Fast reactions are clearly an integral part of athleticism. However, when it comes to the trainability of reaction time, things are questionable, to say the least.

Ultimately, we need to define exactly what we mean by reaction time and also what physical attributes we are specifically targeting.

Reaction Time is defined as the amount of time it takes to respond to a stimulus – we could describe it as “Quickness”. However, it is not just our ability to react to a stimulus. It is also the ability to change the position of the body in accordance with the stimulus. Therefore, qualities such as coordination, balance, and mobility are important factors.”

When people think about testing an individual’s reaction time, they think about the ruler drop test or pressing a button as quickly as possible after the light comes on. However, there is only so fast a human can react, and in most cases, an average Joe will perform just as well as a world-class athlete in these sorts of tests.

Two hundred milliseconds is about the minimum time it takes for the eye to receive information, for the brain to process the information and send a signal to innovate the relevant muscles. Yet many sporting scenarios require an athlete to react far quicker than they do when catching a ruler between their fingers.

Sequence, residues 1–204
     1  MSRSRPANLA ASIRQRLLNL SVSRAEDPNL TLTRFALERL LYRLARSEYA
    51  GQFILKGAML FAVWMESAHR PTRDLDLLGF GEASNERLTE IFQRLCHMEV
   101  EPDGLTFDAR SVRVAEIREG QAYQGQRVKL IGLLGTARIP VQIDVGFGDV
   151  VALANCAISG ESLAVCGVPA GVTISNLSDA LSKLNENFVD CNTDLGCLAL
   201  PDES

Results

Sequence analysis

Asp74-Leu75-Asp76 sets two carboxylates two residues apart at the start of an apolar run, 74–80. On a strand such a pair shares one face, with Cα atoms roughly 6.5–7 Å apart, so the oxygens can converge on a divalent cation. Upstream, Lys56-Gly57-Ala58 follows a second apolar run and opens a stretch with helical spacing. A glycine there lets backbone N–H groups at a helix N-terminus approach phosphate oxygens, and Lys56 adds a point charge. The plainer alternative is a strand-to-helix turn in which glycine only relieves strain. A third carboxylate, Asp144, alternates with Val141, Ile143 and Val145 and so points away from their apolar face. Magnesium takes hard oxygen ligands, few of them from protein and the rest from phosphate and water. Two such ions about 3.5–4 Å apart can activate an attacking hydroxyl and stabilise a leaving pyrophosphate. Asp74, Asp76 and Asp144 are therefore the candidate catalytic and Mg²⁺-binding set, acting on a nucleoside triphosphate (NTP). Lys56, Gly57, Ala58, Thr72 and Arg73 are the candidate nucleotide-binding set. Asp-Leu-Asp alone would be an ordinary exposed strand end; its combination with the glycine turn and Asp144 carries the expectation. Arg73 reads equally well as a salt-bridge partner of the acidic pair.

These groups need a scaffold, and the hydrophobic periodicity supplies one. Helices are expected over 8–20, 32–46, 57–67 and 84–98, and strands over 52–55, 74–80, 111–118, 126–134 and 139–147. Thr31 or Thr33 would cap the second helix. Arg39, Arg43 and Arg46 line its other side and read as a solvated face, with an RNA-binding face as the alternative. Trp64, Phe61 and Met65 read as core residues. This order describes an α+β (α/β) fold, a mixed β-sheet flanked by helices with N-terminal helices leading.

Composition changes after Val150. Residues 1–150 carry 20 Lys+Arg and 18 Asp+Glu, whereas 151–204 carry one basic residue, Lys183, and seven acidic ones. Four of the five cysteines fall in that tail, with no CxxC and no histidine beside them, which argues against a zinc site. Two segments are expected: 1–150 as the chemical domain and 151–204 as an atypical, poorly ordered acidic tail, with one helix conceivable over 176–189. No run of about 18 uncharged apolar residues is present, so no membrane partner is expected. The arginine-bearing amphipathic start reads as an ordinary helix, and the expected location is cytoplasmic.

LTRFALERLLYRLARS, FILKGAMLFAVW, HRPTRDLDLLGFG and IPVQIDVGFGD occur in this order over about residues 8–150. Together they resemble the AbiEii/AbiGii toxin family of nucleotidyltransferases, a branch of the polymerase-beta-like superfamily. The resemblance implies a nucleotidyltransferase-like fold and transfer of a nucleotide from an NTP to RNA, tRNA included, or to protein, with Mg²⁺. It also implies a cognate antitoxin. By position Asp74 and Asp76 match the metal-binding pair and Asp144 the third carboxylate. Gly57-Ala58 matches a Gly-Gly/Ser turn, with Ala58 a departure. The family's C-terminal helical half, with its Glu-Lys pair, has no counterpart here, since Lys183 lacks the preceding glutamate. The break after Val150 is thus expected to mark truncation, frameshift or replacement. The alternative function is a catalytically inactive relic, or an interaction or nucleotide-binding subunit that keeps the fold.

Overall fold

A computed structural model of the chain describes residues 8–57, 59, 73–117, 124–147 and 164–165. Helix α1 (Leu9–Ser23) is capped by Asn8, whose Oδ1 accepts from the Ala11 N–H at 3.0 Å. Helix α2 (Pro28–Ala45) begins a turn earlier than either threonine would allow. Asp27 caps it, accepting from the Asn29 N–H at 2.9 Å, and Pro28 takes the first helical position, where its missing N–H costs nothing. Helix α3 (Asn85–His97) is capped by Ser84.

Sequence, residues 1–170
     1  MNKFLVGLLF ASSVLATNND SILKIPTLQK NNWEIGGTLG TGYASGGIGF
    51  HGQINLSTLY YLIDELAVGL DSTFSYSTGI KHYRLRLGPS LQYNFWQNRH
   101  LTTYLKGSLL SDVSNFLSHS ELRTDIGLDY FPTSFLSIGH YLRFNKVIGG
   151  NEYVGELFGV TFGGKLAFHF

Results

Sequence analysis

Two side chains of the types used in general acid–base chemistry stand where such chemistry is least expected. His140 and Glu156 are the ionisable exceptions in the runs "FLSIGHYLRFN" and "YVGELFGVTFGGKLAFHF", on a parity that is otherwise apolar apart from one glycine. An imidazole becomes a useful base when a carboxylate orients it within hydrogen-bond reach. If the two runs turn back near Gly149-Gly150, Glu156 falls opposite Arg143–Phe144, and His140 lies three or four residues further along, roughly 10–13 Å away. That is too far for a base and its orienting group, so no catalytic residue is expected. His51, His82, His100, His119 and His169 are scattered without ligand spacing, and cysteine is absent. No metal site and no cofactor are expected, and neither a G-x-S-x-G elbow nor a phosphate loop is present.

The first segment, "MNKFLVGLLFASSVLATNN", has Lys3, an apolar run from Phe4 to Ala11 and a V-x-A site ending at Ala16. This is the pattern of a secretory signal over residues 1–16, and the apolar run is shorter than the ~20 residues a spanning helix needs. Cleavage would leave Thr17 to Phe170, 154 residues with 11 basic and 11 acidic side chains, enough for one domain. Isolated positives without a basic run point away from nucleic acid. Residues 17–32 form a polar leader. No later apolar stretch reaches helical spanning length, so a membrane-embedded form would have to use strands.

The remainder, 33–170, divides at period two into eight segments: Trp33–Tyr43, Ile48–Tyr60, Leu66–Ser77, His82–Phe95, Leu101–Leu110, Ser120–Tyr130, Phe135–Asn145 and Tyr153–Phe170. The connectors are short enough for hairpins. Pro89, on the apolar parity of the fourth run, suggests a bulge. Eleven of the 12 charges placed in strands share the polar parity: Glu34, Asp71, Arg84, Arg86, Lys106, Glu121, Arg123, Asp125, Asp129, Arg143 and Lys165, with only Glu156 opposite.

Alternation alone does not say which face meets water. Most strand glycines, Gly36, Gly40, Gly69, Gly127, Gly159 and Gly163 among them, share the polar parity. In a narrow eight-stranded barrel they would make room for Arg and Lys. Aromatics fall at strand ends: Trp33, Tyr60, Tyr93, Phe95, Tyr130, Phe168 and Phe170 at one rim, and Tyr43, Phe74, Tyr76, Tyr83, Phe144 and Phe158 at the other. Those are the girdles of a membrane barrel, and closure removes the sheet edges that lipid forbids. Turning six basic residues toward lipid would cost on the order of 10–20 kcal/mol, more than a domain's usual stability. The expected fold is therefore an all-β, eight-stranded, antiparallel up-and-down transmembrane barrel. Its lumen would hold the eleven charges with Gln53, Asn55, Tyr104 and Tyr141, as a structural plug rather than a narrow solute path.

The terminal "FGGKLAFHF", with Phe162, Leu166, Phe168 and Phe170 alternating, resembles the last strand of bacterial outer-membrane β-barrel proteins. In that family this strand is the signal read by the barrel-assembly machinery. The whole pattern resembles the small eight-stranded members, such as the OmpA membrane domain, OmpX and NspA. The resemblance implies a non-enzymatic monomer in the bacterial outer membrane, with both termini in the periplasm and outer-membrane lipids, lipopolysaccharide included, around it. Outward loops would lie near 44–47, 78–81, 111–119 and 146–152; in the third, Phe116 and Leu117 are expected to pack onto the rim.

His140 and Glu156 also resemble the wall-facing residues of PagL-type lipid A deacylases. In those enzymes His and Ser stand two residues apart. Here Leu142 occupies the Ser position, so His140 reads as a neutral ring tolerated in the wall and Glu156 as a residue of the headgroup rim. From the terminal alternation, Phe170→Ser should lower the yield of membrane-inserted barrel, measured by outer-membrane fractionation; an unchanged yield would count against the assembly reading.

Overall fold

A boxer that dodges 7 punches in a row isn’t reacting to each punch individually. They take on board countless perceptual and decision-making factors, using both tactical knowledge and technical ability to evade the punches.

Ultimately, if a reaction time test mimics a specific sports scenario, elite athletes within that sport will tend to excel, not through sheer reaction times, but a perceptual intelligence of the sport.

This all being said, general reaction time-orientated drills are some of the most enjoyable training drills and are a great way to warm up and potentiate the athlete both physically and mentally.

Reaction time drills may not directly improve the ability of your brain to process information. However, they will get you moving quickly, and that is never a bad thing.

Do you train Reaction Time, and if you do, what are your favourite drills?


Jason Curtis

If you found this article useful, check out:

My Books: www.jasoncurtis.org

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